A proposal by federal environmental regulators to limit pollution from heavy trucks is being welcomed by Wisconsin health and environmental advocates. But the state’s trucking industry fears it will put small operators out of business.
In March, the U.S. Environmental Protection Agency proposed a new rule for the first time in two decades that would require heavy trucks to cut nitrogen oxide emissions by up to 90 percent from current standards by 2031. Those emissions, when combined with heat and sunlight, can cause smog or ozone pollution that’s known to worsen asthma and other respiratory problems.
Milwaukee County Executive David Crowley said in a virtual briefing Thursday that Wisconsin needs the strongest safeguards against truck pollution that will set the state on a path toward zero-emission trucks by 2035.
"By investing in cleaner trucks and cleaner buses, we will reduce harmful pollution and ensure our most vulnerable communities in Wisconsin have cleaner air," Crowley said.
But Neal Kedzie, president of the Wisconsin Motor Carriers Association, is worried the new pollution standards would create hardships for fleets, especially small businesses.
"When you look at the fact that you're dealing with increased insurance premiums and outrageous fuel prices, driver shortages, technician shortages — these are all concerns for operators that are operating on very razor-thin margins to begin with," said Kedzie.
Milwaukee County had the highest rate in the state for emergency room visits due to asthma with 17,454 visits from 2018-20, according to the Wisconsin Department of Health Services. More than half a million residents in Wisconsin suffer from asthma that’s often made worse by nitrogen oxide emissions from the tailpipe and power plants.
"These emissions also contribute to forming ground-level ozone, causing numerous lung issues and increasing COPD exacerbations," said Dr. Claire Gervais, a family medicine physician in Madison.
Reducing heavy truck pollution is expected to prevent 18,000 cases of asthma and up to 2,100 premature deaths, according to the EPA. The agency estimates the new regulation would also avoid 1.1 million lost school days and 78,000 lost days of work.
Kyle Johnson, political director for Black Leaders Organizing for Communities, said the standards would be a step toward correcting environmental injustices that Black communities have long endured.
"My two older sisters and I were diagnosed with asthma as children, and more than 20,000 people die prematurely every year due to pollution," said Johnson. "We can and we must do better."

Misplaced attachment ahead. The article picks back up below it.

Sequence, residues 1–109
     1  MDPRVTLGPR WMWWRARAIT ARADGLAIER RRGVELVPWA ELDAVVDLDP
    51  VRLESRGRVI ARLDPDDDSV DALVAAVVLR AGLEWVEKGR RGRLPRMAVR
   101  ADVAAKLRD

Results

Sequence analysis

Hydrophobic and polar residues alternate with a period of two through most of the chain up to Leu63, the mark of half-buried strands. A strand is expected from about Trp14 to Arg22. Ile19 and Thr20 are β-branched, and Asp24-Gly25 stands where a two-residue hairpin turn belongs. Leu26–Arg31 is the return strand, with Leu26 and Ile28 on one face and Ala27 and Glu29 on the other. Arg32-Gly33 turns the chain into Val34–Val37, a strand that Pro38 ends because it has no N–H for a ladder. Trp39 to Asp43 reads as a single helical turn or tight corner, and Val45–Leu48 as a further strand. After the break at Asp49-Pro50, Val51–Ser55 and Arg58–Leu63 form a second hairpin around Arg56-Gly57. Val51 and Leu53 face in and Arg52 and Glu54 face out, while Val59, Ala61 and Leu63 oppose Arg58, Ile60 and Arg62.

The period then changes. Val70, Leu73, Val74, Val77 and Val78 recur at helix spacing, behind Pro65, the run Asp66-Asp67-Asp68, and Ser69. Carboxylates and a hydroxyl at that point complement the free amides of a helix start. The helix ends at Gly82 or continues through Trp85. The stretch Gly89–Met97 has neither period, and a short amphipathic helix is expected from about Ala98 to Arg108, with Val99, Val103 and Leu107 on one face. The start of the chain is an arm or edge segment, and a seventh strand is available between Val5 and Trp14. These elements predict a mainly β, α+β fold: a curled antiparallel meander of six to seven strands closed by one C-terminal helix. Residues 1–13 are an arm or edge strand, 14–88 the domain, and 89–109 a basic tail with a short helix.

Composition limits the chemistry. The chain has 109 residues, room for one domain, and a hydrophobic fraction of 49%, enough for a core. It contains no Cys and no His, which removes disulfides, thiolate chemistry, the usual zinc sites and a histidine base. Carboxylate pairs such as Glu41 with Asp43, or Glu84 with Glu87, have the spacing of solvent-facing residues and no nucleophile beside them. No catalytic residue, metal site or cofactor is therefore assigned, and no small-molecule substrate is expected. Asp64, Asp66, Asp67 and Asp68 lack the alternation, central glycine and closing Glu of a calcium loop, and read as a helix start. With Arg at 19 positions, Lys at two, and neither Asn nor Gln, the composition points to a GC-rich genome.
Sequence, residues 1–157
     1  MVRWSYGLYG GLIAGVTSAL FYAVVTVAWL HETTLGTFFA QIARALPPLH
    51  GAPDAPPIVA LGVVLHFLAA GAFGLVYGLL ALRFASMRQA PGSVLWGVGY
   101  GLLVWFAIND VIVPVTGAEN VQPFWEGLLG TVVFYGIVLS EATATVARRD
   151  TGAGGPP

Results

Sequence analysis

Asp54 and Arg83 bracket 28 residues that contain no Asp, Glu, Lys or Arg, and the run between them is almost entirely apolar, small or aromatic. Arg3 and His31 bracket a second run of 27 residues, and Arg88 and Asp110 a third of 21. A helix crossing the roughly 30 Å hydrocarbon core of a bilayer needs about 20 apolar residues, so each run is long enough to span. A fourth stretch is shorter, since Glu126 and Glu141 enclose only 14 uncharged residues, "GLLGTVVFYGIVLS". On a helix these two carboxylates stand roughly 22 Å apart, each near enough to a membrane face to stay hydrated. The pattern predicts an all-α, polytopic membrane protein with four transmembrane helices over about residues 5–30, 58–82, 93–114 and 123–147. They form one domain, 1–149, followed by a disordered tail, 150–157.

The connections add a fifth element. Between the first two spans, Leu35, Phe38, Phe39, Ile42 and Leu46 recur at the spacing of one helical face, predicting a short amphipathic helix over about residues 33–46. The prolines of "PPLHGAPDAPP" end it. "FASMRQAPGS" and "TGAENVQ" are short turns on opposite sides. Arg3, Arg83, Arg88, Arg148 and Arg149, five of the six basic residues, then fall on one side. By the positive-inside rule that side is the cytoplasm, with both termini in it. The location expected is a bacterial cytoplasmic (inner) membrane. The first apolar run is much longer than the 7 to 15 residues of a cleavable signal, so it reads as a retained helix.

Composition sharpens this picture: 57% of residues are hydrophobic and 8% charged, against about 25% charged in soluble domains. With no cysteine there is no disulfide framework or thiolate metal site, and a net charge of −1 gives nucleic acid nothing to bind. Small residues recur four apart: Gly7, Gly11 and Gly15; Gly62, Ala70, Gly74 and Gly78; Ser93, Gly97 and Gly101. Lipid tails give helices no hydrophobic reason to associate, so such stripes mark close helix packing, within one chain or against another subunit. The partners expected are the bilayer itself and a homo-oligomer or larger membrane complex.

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If approved, the pollution regulations would limit tailpipe emissions starting in 2027. The cost of implementing the new regulation is expected to provide economic benefits up to $250 billion due largely to reducing health care expenses. The EPA estimates it would cost around $27 billion to put in place.
The agency said the proposed restrictions are in line with an executive order issued by President Joe Biden to transition to zero-emissions vehicles. Transportation accounts for the largest share of heat-trapping emissions that contribute to global warming.
Kedzie, the trucking association president, said larger fleets may be able to absorb costs of shifting to new technology, but he fears smaller operators would be forced out of business. He said the industry has supported efforts to reduce pollution and questioned whether existing technology could cut nitrogen oxide emissions by 90 percent. The EPA contends current technology can reach 75 to 90 percent reductions from current standards.
Kedzie also added electric trucks are expensive and cost up to $400,000 per vehicle. The International Council on Clean Transportation, an independent nonprofit organization, estimated electric trucks currently cost around two to three times their diesel counterparts.
So far, electric trucks make up only a fraction of Wisconsin’s more than 6.1 million registered vehicles. The Wisconsin Department of Transportation registered 2,586 electric trucks out of roughly 9,000 electric vehicles last year.
Cost is the largest barrier to electric vehicle adoption, according to Giri Venkataramanan, a professor of electrical engineering at the University of Wisconsin-Madison.
"Obviously, you save in the longer term because you could charge your vehicle from a plug, and the electricity is cheaper than gasoline today," said Venkataramanan. "But that is a very, very slow payback."
The upfront cost of purchasing electric vehicles is a burden that lies on the carrier, said Kedzie. He argued the electric vehicle industry isn’t ready to accommodate long-haul trucks. Venkataramanan agreed heavy trucks often run many hours a day which makes it difficult to replenish the amount of energy needed to continue operating efficiently.
"There has to be some sort of infrastructure in place to do fast-charging or swapping out and things like that," said Venkataramanan. "And those are questions that industry is thinking about, and the federal government is thinking about, on how to enable that."
The recently enacted Inflation Reduction Act includes an electric vehicle tax credit of up to $7,500 for the next 10 years. The bipartisan infrastructure law passed last fall is providing $5 billion to states to help build out charging infrastructure along highways, including $79 million over five years for Wisconsin.
Venkataramanan said throwing money at the issue won’t allow the transition to happen overnight. He’s confident there will be solutions to ongoing challenges, but he said that will take compromise and time.